Third, Solyndra and the rest of the solar industry remain entirely dependent on subsidies. Solyndra got the now-famous loan guarantee. Its customers enjoyed the 30% investment tax credit. What’s more, because more than half the states in the U.S. have renewable portfolio standards, requiring utilities to include renewable energy in their mix, solar often doesn’t have to compete with coal or natural gas but with other forms of renewable energy, principally wind; the utilities can pass the higher costs of solar onto their ratepayers. [See my 2010 blogpost, The Hidden Costs of Solar Power, written after I visited Solyndra.
Republicans are threatening to repeal the 30% tax credit. “That would be a terrible tragedy,” Harris said. “It would put at risk the momentum this industry has created.”
Interestingly, Shugar and Harris both said they would be willing to give up or sharply reduce the 30% tax credit as the costs of solar continue to fall, so long as subsidies for competing technologies (nuclear power, natural gas and coal) were eliminated, too.
“Solar is going to reach the point where it can be competitive without the investment tax credit in five years or so,” Harris said. Shugar agreed, saying: “We can certainly talk about removing all subsidies. Over the longer term, definitely, solar can stand on its own.”
In the meantime, the single best argument for clean energy subsidies is not “green competes” or economic competitiveness with China but the fact that fossil fuels enjoy an unfair advantage over solar and wind: They don’t have to pay the costs of emitting carbon pollutants, which are leading to catastrophic climate change. Taxing or regulating CO2 emissions would be better, simpler and more efficient subsidizing clean energy, but that’s not going to happen anytime soon.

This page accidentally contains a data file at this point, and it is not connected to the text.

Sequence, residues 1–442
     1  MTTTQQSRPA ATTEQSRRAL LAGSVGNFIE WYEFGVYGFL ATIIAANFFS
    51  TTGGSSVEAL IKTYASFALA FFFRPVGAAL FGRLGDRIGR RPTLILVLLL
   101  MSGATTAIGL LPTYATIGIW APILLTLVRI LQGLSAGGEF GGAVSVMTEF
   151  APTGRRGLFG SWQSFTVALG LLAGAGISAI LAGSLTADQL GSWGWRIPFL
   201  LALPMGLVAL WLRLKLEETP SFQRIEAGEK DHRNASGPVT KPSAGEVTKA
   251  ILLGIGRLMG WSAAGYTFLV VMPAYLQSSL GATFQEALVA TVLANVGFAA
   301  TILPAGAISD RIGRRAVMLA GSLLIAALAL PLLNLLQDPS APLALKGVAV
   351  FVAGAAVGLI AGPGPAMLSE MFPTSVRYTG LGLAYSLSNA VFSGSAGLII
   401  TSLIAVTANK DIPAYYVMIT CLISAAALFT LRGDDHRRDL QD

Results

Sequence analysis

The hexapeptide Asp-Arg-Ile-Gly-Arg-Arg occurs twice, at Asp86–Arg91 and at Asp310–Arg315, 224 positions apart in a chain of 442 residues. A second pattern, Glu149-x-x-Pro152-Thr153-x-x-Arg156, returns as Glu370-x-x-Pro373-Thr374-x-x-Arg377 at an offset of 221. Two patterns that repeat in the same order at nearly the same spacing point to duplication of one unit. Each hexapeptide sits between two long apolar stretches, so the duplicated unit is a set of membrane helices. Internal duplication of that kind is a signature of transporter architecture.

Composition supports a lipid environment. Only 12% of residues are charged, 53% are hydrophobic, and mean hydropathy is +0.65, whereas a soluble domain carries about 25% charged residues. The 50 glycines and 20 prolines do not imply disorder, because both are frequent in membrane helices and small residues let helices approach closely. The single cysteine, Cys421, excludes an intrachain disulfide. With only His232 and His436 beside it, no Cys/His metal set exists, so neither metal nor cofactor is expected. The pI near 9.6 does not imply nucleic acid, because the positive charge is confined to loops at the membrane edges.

Unfortunately, the incentive tax credit is an imperfect and wasteful subsidy because it’s cost-based. If I spend $30,000 to put solar panels on my house, which is shaded by big trees in Bethesda, MD, and my contractor overcharges me, I get the same tax break as an Arizona homeowner who spends $30,000 wisely and generates more environmental benefit. That’s wrong. There should be a way to subsidize clean energy based on its performance, as the NRDC’s David Goldstein argues here.
More important, though, I’m persuaded by the Solyndra story that there’s no compelling reason for the government to provide loans, grants, tax breaks or favors to individual companies, no matter how worthy they may appear to be.
Picking out promising technologies and management teams is a job best left toventure capitalists, whose success rate, by the way, is not especially high.
For a lot of reasons–the temptation to play political favorites, the risk of outright corruption, the fact that worthy companies can raise money in private markets–it’s not a job best done by experts at the U.S. Department of Energy.
Particularly because they’re betting with other people’s money.
SIM Publishes 2011 Winners of its Annual Contest in Green Building-
Sustainable Industries Magazine recently introduced its winners of the sixth annual Top 10 Green Building Products award. The winners were chosen by an expert panel of judges from more than 100 entries based upon design aesthetic, environmental performance, innovativeness, scalability/market impact, as well as value and compatibility using the U.S. Green Building Council’s LEED rating system. “The green building industry has seen unprecedented growth and change in the six years that Sustainable Industries has produced the Top 10 Green Building Products awards. This year’s winners reflect the diversity of exciting opportunities in the green building space,” says Brian Back, Founding Editor & Publisher of Sustainable Industries. Selected winners are as follows: